There is still insufficient evidence to determine whether it’s worthwhile to screen for vitamin D deficiency in asymptomatic adults, and the lack of uniformity among testing methods used by laboratories makes interpreting data difficult, according to the U.S. Preventive Services Task Force (USPSTF) in a recommendation statement and systemic review recently published in the Annals of Internal Medicine.
The task force found no studies that looked into the direct benefit of vitamin D screening, and it said there is “adequate evidence that treatment of asymptomatic vitamin D deficiency has no benefit on cancer, type 2 diabetes mellitus, risk for death in community-dwelling adults, and risk for fractures in persons not selected on the basis of being at high risk for fractures.”
There are many testing methods available to measure serum 25-(OH)D levels, but the authors warned that the accuracy of the tests is tough to determine “because of the lack of studies that use an internationally recognized reference standard and the lack of consensus on the laboratory values that define vitamin D deficiency.” Results vary depending on testing method, as well as between laboratories using the same testing methods.
Additionally, USPSTF found that there was “inadequate evidence” on the benefit of treating asymptomatic vitamin D deficiency based on such factors as psychosocial and physical functioning. “Although the evidence is adequate for a few limited outcomes, the overall evidence on the early treatment of asymptomatic, screen-detected vitamin D deficiency in adults to improve overall health outcomes is inadequate,” the guideline stated. Treating vitamin D deficiency in asymptomatic people may reduce mortality risk and falls in institutionalized elderly patients, but not fractures, according to the systemic review.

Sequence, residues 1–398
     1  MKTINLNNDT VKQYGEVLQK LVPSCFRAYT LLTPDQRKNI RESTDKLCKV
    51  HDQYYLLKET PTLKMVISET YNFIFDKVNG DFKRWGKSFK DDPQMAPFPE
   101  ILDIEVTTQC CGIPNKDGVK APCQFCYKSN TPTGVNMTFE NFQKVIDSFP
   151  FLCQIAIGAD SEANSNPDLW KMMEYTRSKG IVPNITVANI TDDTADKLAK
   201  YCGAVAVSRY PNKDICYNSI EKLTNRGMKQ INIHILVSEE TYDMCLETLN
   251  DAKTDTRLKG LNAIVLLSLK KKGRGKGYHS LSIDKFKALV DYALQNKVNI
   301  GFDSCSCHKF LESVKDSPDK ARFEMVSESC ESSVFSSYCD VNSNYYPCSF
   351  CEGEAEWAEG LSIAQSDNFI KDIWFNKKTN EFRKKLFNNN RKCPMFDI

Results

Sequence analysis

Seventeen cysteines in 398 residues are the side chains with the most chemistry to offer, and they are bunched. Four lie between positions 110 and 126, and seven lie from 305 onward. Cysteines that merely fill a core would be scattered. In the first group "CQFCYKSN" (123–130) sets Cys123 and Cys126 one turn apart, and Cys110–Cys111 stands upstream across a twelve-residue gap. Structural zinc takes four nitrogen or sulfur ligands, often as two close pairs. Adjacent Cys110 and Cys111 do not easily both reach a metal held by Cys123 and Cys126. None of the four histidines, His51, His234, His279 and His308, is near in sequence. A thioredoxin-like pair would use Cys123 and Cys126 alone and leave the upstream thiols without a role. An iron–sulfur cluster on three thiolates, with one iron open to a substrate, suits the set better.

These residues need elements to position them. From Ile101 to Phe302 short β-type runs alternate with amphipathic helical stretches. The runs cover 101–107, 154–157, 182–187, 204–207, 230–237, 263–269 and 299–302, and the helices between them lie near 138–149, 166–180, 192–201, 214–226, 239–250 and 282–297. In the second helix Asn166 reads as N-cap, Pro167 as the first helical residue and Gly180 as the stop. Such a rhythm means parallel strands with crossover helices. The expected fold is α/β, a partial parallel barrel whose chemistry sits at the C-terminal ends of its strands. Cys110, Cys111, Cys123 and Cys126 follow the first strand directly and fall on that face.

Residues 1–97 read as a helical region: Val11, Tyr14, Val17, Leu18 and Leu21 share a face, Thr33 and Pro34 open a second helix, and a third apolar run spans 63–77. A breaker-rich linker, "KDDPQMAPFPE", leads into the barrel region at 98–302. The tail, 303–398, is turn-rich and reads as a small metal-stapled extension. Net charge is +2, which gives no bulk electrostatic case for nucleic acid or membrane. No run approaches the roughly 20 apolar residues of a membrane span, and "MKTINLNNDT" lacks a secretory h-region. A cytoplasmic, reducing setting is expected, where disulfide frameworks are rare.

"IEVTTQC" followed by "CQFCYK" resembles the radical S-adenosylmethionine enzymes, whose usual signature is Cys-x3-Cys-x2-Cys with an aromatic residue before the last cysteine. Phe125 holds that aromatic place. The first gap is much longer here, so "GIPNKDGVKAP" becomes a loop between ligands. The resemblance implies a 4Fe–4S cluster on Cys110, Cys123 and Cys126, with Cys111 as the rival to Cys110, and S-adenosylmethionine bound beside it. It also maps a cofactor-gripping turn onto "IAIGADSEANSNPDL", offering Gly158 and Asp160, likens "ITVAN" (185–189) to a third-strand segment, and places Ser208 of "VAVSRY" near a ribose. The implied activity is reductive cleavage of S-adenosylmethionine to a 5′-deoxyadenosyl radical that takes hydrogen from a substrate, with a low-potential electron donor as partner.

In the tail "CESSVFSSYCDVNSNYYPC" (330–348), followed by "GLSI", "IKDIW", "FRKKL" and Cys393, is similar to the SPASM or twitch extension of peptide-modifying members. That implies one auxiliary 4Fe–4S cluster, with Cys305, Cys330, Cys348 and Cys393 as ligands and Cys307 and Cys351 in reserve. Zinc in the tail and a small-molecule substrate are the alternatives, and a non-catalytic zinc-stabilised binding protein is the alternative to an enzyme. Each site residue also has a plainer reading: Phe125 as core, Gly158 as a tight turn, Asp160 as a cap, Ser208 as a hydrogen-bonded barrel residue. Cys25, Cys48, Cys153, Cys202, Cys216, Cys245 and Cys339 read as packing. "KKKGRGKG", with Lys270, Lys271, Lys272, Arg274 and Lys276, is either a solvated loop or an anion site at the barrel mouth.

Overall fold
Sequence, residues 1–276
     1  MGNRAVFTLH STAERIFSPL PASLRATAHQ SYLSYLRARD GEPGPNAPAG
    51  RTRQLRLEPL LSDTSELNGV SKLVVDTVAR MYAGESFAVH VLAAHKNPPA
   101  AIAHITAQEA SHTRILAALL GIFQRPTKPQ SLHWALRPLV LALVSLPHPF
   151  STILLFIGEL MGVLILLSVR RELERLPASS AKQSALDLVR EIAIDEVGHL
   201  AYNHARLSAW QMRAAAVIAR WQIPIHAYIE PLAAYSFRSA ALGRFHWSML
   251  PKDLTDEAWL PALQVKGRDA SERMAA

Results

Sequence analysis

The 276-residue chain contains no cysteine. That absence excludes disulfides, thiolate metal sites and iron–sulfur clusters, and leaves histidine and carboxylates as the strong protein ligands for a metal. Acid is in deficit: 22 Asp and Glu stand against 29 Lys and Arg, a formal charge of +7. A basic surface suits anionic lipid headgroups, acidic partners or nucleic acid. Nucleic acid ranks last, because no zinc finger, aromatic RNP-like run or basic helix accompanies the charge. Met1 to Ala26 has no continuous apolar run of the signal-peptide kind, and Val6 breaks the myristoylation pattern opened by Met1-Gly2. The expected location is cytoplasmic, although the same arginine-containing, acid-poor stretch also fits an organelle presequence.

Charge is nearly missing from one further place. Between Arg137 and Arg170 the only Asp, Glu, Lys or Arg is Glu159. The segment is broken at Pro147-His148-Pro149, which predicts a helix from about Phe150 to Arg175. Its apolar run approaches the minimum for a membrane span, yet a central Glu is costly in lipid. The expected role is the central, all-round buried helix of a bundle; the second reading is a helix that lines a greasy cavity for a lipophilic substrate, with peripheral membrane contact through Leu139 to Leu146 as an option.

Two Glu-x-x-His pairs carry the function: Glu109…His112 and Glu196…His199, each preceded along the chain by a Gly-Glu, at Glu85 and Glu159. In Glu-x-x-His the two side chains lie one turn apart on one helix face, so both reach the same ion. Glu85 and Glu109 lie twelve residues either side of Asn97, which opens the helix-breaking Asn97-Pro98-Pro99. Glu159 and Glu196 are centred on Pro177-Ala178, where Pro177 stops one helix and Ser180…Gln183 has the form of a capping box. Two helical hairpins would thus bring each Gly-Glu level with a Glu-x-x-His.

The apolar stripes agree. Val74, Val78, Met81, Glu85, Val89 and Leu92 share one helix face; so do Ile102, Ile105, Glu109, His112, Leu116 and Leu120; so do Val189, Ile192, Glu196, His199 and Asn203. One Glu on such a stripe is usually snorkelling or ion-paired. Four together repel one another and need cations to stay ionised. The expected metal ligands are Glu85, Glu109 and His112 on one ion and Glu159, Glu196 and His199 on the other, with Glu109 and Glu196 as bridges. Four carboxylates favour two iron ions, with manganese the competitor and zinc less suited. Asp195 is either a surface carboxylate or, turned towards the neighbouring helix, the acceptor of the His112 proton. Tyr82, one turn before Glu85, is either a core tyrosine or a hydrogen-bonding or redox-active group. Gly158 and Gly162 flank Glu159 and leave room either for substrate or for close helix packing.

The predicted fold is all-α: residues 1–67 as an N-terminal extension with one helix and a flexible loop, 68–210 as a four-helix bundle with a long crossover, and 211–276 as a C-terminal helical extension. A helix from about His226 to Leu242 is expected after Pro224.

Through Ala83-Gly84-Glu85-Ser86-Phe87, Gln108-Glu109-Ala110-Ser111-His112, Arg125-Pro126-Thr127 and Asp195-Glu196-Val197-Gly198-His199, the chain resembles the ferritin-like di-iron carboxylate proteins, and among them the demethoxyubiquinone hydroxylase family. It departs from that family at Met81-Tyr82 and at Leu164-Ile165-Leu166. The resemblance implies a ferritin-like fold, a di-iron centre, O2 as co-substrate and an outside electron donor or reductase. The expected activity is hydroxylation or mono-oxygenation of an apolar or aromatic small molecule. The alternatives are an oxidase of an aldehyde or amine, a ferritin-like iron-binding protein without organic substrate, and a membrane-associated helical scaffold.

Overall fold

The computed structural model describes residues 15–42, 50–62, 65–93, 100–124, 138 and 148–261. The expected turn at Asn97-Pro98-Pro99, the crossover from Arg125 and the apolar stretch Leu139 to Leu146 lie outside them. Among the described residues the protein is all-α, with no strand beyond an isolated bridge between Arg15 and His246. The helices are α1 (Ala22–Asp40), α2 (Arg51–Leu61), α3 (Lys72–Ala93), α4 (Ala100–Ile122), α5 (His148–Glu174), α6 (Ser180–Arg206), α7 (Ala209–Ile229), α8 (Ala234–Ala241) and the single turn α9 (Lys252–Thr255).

Despite the task force’s findings, there seems to be a compelling rationale to test for vitamin D deficiency, wrote Robert P. Heaney, MD, and Laura A. G. Armas, MD, of Creighton University in Omaha, Nebraska, in an accompanying editorial. “General assurances that one probably needs extra vitamin D are not as compelling a motivator as knowing one’s number,” they explained. “Thus, whether the practitioner adheres to the widely divergent guidelines of the [Institute of Medicine], the Endocrine Society, or the American Geriatrics Society, measuring vitamin D status seems to be warranted, not so much to diagnose deficiency but to determine patient status relative to the selected guideline.”